Key considerations for local authority contracting

1 October, 2018

Local authorities have considerable spending power and can open the doors to further business through key introductions but getting started is not an easy recipe to follow. Tom Trowhill, senior associate at law firm Cripps, considers some of the ingredients for the procurement process.

Securing a local authority contract can be an attractive proposition for food businesses, guaranteeing regular income and introductions to a larger range of consumers. However, local authorities operate under a specialised procurement regime and have different requirements compared to private sector businesses. While food producers are used to meeting a whole host of regulations, the public procurement process rules are complex and can include the reviewing and submitting of detailed documentation.

The process is also time consuming, so be sure to weigh up your chances of success against the time spent preparing documentation and participating in the application process as this is a very different arena to kitchen prep.

When it comes to the contract, draft terms will typically be provided with the procurement documentation, giving you limited room to negotiate. Even where tenderers are able to obtain changes to the contract terms, a local authority will typically stipulate these changes have to be agreed during the procurement process, rather than post-award.

Food producers may also want to consider the local authority’s commercial model, as these can often follow an ‘outcomes or incentive payment model’. This means the tenderer will be paid an element of its fees for performing services. However, a proportion of the fees will only be paid subject to achieving set outcomes which may be unrealistic or beyond your control. Where a high outlay is required for ingredients – which can themselves be a risk – this can often be seen as too much.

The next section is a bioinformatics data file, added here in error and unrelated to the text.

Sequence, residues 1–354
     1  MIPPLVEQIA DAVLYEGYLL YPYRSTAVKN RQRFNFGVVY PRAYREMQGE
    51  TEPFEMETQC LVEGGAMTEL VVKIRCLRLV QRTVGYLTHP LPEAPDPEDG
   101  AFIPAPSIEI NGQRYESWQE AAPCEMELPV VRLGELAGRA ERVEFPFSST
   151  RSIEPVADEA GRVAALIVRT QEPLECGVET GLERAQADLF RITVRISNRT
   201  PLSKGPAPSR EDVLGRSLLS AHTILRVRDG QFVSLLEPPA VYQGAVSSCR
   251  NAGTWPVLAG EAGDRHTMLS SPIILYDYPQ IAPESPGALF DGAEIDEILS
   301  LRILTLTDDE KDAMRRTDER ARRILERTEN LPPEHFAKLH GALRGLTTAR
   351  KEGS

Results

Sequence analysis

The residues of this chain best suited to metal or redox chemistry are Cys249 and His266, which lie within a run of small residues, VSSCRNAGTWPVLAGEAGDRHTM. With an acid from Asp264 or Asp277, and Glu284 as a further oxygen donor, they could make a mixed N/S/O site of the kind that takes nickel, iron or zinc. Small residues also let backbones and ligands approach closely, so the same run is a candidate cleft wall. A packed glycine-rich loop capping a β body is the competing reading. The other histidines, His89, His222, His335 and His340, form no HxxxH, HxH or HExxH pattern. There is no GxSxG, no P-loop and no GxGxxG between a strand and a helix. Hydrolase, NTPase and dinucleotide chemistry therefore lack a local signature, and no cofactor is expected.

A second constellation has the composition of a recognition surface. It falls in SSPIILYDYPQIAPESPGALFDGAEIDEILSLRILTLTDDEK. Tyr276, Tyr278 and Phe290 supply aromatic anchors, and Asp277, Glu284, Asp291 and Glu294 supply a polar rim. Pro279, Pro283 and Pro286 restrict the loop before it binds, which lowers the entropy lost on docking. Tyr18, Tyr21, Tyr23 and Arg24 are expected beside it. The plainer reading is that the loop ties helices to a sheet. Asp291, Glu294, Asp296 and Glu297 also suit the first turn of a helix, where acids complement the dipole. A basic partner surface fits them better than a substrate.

Further risks will also be found in the contract, with local authorities requiring tenderers to accept wide ranging liabilities. Extensive indemnities are also common so be sure to review terms carefully to see if you are comfortable with this. You should also be alive to the risk of employees transferring over to you as part of taking on the contract from the local authority or their current supplier. You should seek clarification on this point as part of the procurement process.

Local authority contracts can often be up to five years or more. This can be reassuring for long term business and helpful when negotiating contracts to buy ingredients, but it is still important to try to secure the ability to terminate the contract, for example, on a set period of notice after a certain time has elapsed. Otherwise food producers could run the risk of being tied into an unprofitable contract.

Local authority contracts are a good source of work for an organisation, which if structured correctly can result in long-term and profitable arrangements. Tenderers do, however, need to consider the local authority arrangements as a whole which does involve time, money and patience.

If you are considering tendering for local authority work or would like to know more about the procurement process, contact Tom Trowhill on 01892 598542 or email tom.trowhill@cripps.co.uk.

This article first appeared in B&I Catering in October 2018.